The vast majority of scammers pick their victims at random. While they will certainly use low self confidence about your intelligence, appearance, or anything else you may not feel good about to mentally manipulate you, they did not choose you because of anything you project. Nigerian scammers and American money scammers communicate with anybody they think they can brainwash into sending them money...and that would be anybody who speaks to them. American revenge scammers go for anybody they think they can mess with, which again, is anybody who speaks to them. Even if your scammer was somebody who knows you and targeted you personally, it still isn't because you brought it on. It's because they chose to deal with whatever inspired them to run the scam by doing something devious and cruel instead of dealing with it in a normal way.

"It's my fault. If I didn't flirt with everybody I found attractive or post so many shirtless/swimsuit/glamour photos on my web pages, this wouldn't happen."
Notice that this is the exact opposite of the section above it. Scam victims tend to blame their own character flaws or quirks for the scam, no matter what they are. But it is never the fault of the victim. A scammer will certainly use high self-confidence in their manipulation tactics, but they would also use any other trait a victim had. And it does not matter if you flirted with the person. Does every person you have ever seen flirt with anyone get scammed by that person? Flirting does not cause scamming. Neither does having a perfectly chaste conversation, or speaking in short sentences, or speaking in long sentences. Scamming is never a punishment for anything you did or said.

"If I weren't so needy, I would have picked up on the red flags a lot sooner."
The desire to believe someone loves you is not "needy." Human beings are social creatures. It is the way we are designed. Numerous health problems have been linked to loneliness and social isolation. While it is true that we often don't see the red flags because we work to convince ourselves that there is a reasonable explanation behind them, that does not mean you are "needy." It means you are a perfectly normal human being.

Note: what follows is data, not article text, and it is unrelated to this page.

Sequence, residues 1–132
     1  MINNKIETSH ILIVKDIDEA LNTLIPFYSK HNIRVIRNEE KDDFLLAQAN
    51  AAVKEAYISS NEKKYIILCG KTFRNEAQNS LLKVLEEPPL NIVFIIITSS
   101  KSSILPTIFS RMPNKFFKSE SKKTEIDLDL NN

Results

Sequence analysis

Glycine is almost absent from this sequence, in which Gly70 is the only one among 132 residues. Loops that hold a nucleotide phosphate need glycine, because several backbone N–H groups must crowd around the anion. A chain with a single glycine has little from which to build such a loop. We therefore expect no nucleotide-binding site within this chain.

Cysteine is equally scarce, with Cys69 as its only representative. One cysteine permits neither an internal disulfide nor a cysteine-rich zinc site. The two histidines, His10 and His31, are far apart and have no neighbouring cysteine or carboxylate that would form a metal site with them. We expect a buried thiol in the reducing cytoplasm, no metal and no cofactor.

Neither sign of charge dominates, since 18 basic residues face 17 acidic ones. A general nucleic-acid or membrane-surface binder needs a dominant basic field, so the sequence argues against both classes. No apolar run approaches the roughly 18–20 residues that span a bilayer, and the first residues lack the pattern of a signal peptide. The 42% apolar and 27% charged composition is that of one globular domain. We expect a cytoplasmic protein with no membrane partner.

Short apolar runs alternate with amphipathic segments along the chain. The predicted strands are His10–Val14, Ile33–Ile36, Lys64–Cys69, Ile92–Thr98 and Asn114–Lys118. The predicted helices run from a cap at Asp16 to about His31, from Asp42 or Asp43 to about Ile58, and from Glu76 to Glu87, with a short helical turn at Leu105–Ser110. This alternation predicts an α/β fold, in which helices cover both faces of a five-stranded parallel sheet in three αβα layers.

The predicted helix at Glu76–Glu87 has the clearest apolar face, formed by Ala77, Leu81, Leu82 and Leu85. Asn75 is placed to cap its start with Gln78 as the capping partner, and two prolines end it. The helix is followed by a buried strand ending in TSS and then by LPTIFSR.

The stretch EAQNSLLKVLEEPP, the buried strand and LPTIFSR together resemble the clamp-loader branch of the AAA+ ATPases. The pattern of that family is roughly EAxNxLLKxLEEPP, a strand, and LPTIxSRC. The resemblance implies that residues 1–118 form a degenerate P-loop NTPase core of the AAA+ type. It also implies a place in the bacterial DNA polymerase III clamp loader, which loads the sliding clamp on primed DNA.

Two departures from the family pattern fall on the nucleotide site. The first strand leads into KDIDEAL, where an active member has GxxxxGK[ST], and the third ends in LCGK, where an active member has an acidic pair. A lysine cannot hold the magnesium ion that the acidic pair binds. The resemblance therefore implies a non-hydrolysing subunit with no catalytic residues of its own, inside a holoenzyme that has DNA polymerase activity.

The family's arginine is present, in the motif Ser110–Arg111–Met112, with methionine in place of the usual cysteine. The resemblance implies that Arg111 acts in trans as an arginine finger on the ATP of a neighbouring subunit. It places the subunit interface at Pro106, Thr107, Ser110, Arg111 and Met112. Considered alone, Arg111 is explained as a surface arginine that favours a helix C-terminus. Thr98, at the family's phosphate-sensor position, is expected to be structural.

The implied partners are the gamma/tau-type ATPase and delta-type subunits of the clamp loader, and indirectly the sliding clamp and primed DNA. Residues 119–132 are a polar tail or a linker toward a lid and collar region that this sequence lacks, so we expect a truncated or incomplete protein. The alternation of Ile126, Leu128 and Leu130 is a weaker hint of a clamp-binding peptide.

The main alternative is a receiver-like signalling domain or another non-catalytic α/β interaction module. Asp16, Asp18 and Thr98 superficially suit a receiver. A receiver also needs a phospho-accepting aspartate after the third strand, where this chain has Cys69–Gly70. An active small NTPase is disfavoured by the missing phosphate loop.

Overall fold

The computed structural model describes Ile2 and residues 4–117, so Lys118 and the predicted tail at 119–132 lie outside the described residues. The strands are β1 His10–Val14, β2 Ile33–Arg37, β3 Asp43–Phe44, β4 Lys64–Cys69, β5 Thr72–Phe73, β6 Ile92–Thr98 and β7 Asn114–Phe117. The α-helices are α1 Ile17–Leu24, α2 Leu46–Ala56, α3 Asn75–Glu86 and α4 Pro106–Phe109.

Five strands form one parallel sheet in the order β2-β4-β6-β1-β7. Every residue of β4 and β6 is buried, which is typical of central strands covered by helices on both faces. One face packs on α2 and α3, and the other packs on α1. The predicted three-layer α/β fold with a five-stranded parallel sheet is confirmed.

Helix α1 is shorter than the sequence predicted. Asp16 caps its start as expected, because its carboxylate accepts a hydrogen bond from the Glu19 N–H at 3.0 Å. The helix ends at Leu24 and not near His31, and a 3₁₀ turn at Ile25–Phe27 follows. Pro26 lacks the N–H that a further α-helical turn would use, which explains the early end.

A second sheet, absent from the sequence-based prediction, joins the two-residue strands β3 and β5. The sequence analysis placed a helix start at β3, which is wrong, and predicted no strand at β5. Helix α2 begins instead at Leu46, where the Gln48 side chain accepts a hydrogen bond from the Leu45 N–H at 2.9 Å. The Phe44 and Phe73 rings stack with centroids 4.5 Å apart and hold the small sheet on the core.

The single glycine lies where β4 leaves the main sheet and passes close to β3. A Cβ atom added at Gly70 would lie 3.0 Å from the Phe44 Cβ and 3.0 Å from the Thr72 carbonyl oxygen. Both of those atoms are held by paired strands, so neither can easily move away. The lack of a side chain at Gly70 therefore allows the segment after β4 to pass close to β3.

"It's my own fault for not telling a family member or friend and keeping secrets."
Scammers socially isolate their victims by giving them projects, messing up their schedules, and demanding secrecy in the relationship as a loyalty test. If you do manage to tell someone, and the person points out the suspicious details of the story, the scammer is ready to convince you that the person is just jealous. It is a good idea to tell someone you already know well and trust about any online relationship you enter into, no matter how casual. There is a better chance they will notice odd details that you won't, since you are being worked on by the scammer and they are not. But you did not cause the scam by keeping the relationship secret.


Thursday, July 25, 2013

Is It Me?: A Journaling Exercise to Counter The Scammer's Manipulation

by Soraya Grant

Scammers may begin their crafted persona with details from other victims, random stories they heard, television shows, and bits of their own life, but they soon focus intensely on learning about you and incorporating parts of your personality, tastes, and quirks into the fake person they've created. The scammer realizes you love fancy restaurants so they pretend to come up with the idea of taking you to a place you've only seen on television before. Or they notice your dating site or social networking site page has a lot about football, so they spin tales of the Sundays you're going to spend watching the game together.

As they work on this, the scammer will also add some differences. This is done to make the character more realistic and to give you little projects that keep you too busy to focus on their suspicious behaviors. The scammer might present himself as an avid photographer and encourage you to start learning to take pictures so the two of you can go on nature walk photo shoots someday. Or they might try to get you interested in a genre of music you've never really thought about before.

This manipulation tactic is carried out in such subtle and sneaky ways, you never realize you're being brainwashed. It just feels like you're growing and learning from the relationship the way you would with many friendships or romantic relationships.